§2.3.3  For construction and domestic wastes, waste container lids must now be kept closed when not in use.  For those containers that are actively in use throughout the day, lids must be closed at the end of the business day.  Waste containers that do not have lids must have either a cover (e.g. tarp, plastic sheeting, temporary roof) or similarly effective means to minimize discharge of pollutants (e.g. secondary containment).  In recognition of industry group comments, EPA added the “actively in use” qualification, but there still could be dispute over how “active” use must be to justify not covering a dumpster or other waste container during the workday.

§3.2  If a project involves demolition of a structure with at least 10,000 s.f. of floor space built or renovated before January 1, 1980 and will discharge to a water that is impaired for PCBs, the permittee must implement controls to minimize stormwater and precipitation contact with PCB-containing building materials including paint, caulk, and pre-1980 fluorescent lighting fixtures.  To this end, the new EPA Notice of Intent asks whether demolition of this type will occur.  Currently, over 4,500 waterbodies nationwide are listed as impaired for PCBs.

§4.2.2  If operators elect to conduct stormwater inspections every 14 days plus 24 hours after a storm event of .25” or greater (instead of simply every 7 days), inspections within 24 hours after snowmelt sufficient to cause a discharge are now also required.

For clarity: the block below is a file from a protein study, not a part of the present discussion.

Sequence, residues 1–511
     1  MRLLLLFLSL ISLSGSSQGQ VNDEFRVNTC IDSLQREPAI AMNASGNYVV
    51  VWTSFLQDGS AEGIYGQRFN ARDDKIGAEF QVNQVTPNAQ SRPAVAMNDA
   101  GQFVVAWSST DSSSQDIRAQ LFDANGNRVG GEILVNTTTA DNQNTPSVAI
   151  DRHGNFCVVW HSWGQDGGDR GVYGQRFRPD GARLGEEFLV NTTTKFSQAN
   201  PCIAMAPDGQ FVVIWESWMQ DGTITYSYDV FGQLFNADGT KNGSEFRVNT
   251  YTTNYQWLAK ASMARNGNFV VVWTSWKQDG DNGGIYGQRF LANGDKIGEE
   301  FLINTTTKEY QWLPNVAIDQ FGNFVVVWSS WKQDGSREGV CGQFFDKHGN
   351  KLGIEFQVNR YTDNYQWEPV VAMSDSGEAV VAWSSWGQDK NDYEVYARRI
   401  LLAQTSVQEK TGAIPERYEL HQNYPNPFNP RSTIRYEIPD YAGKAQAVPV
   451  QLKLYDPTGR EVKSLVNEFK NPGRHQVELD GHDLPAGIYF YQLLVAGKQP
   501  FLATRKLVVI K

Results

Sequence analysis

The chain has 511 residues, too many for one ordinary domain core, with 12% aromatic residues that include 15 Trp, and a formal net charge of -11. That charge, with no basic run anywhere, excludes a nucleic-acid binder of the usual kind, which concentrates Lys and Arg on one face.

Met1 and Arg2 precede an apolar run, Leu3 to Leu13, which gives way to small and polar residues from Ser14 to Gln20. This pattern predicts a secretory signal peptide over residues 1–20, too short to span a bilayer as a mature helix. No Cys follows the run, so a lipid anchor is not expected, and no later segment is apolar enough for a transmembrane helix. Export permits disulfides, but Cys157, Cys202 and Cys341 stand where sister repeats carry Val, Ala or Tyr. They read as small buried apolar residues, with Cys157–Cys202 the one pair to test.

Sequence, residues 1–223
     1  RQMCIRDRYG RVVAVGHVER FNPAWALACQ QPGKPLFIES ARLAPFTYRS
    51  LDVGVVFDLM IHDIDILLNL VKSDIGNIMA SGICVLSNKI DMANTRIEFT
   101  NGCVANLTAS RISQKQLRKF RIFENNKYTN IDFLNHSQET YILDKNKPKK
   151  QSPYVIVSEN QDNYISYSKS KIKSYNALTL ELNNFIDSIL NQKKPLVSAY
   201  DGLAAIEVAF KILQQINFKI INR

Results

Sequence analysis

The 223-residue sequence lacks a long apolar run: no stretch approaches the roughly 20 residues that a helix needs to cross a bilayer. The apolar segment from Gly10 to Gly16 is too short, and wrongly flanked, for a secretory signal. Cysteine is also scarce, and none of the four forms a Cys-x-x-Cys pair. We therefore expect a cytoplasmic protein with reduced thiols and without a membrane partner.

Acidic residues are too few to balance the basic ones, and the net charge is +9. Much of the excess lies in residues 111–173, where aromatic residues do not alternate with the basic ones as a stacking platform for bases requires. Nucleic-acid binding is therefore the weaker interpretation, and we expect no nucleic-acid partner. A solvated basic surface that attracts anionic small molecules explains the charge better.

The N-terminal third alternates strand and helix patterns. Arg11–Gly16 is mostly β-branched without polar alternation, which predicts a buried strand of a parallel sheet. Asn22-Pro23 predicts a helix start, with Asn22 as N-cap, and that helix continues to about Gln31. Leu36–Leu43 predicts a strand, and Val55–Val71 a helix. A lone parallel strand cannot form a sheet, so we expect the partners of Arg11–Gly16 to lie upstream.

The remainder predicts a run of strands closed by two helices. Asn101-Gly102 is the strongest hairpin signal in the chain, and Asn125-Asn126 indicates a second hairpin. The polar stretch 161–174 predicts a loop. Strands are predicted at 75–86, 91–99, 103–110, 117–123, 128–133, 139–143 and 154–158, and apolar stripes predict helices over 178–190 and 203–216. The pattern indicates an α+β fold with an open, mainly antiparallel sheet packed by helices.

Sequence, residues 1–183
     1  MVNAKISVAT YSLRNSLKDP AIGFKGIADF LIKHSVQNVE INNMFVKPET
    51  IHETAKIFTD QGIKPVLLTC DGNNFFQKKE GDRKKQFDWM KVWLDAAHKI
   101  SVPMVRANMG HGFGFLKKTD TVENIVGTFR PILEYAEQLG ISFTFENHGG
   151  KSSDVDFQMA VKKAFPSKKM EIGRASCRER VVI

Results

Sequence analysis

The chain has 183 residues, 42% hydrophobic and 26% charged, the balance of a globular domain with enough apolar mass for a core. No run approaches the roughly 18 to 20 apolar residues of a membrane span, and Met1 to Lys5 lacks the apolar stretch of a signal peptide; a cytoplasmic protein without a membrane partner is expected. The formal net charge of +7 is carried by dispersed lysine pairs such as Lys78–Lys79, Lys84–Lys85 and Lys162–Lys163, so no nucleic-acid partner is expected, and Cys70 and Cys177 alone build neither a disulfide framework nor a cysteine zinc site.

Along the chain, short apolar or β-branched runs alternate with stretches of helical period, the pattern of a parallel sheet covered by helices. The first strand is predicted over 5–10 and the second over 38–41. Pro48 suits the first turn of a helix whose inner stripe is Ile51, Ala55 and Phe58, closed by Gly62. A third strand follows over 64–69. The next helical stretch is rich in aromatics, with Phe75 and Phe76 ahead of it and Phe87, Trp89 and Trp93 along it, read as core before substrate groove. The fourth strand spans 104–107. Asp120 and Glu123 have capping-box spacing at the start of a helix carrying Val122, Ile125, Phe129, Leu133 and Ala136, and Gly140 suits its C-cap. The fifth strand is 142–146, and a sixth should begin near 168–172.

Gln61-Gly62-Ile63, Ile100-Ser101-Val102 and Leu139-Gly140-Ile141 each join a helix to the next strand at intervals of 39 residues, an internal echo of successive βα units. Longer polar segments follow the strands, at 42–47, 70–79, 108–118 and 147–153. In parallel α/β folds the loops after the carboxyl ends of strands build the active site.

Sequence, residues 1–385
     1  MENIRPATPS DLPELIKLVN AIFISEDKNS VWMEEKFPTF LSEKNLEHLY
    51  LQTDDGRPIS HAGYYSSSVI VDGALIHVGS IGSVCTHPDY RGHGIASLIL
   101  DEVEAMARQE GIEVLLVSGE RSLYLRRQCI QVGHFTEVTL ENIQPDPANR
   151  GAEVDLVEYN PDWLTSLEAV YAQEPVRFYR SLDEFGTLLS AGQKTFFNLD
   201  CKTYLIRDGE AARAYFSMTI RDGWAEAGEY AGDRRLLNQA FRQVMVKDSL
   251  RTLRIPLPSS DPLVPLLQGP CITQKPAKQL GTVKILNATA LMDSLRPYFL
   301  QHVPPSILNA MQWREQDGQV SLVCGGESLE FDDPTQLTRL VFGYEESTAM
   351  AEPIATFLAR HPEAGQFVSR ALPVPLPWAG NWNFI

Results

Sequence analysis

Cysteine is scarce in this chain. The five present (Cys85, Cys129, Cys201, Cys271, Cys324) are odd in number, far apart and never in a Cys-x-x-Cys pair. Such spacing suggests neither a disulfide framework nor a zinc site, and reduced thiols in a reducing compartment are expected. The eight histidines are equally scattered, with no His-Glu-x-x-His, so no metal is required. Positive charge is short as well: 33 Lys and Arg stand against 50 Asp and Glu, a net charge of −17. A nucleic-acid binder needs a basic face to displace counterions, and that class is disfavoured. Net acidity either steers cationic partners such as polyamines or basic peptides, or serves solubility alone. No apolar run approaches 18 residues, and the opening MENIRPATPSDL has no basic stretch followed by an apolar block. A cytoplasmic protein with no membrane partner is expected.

§7.1  The 2017 CGP makes clear that all operators on a site can be jointly and severally liable for compliance with the permit.  Joint and several liability means that EPA can pursue any one of the operators without joining the others and can assess the entire penalty for a violation against that one operator.  Previously, an operator was only responsible for compliance with effluent limits, terms, and conditions of the permit as it related to the activities on that operator’s portion of the site.  Now, an operator is liable for violations should another operator fail to implement any measures that are necessary for the first operator to comply with the permit, e.g. installation and maintenance of shared controls.  This is true regardless of whether the operators are working under a joint SWPPP or separate SWPPPs.  This concept is particularly troubling to the National Association of Home Builders, which has filed a legal challenge to the new CGP.

There are several other new requirements in the 2017 CGP, so permittees should become familiar with the contents of the entire permit.

Permittees with ongoing projects that had obtained NPDES coverage under the 2012 CGP must apply for coverage under the 2017 CGP by submitting a new Notice of Intent (NOI) by May 17, 2017.  Such permittees will continue to be governed by the 2012 CGP until 14 days after EPA notifies them of receipt of a complete NOI, unless EPA notifies them otherwise.  It is not necessary to file a Notice of Termination of the existing 2012 CGP coverage.


1 Apologies to The Standells.
2 At least one legal challenge to the 2017 CGP has been filed already, by the National Association of Home Builders, but the case is ongoing.

About the author
Nick Hoogstraten is Senior Counsel with the Washington, D.C. office of Peckar & Abramson, P.C.
P&A is a nationwide law firm committed to providing a full range of legal services to the construction industry.